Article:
Today's Cajuns are the descendants of 1,600 French Acadians whom the British forced from their Nova Scotian homeland in 1785. The local Indians transmuted the word to Cagians and, eventually, to Cajuns. Many confuse Cajun cooking with creole cooking but though there are many points of similarity, there are also distinct differences. Cajun cooking, a combination of French and Southern cuisines, is robust, country-style cookery that uses a dark roux and plenty of animal (usually pork) fat. Creole cooking places its emphasis on butter and cream. Some maintain that Creole cooking uses more tomatoes and the Cajuns more spices. Both cuisines make generous use of filé powder and the culinary "holy trinity" of chopped green peppers, onions and celery. Two of the more traditional Cajun dishes include jambalaya and coush-coush (a thick cornmeal breakfast dish).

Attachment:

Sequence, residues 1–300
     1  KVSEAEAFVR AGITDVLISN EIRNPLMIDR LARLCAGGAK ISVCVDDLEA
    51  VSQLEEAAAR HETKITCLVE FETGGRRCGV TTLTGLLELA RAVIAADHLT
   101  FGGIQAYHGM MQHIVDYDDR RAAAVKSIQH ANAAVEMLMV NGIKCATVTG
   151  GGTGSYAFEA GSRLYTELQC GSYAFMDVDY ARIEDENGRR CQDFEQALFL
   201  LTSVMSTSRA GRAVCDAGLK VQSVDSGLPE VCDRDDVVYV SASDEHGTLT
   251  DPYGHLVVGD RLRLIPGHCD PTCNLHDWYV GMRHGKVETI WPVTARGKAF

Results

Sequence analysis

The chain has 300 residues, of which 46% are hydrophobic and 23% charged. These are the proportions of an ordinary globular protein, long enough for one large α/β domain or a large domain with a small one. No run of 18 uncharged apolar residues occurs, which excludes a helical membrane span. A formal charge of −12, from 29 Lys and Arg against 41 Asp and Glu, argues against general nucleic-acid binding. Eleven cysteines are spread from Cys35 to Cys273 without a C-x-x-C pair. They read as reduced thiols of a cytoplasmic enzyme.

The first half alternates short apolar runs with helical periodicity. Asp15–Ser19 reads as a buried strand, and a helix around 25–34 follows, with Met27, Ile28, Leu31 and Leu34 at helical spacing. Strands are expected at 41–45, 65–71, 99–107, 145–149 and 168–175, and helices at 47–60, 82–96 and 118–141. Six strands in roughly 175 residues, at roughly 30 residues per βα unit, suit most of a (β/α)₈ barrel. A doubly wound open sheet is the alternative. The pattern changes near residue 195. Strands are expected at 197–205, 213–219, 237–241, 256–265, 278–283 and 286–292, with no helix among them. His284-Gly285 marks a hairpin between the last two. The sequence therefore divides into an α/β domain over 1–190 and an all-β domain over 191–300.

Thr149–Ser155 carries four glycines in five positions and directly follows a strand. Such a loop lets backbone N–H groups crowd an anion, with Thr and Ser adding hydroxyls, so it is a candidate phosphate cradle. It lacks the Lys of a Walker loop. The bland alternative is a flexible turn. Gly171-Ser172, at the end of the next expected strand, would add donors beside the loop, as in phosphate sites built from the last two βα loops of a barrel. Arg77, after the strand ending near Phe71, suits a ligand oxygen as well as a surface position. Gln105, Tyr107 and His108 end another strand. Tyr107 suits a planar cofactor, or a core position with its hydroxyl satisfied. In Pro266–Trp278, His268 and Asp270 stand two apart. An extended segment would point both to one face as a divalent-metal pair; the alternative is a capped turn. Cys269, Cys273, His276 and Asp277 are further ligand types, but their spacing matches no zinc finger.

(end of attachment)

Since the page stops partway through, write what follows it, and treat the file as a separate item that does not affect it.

From The Food Lover's Companion, Fourth edition by Sharon Tyler Herbst and Ron Herbst. Copyright © 2007, 2001, 1995, 1990 by Barron's Educational Series, Inc.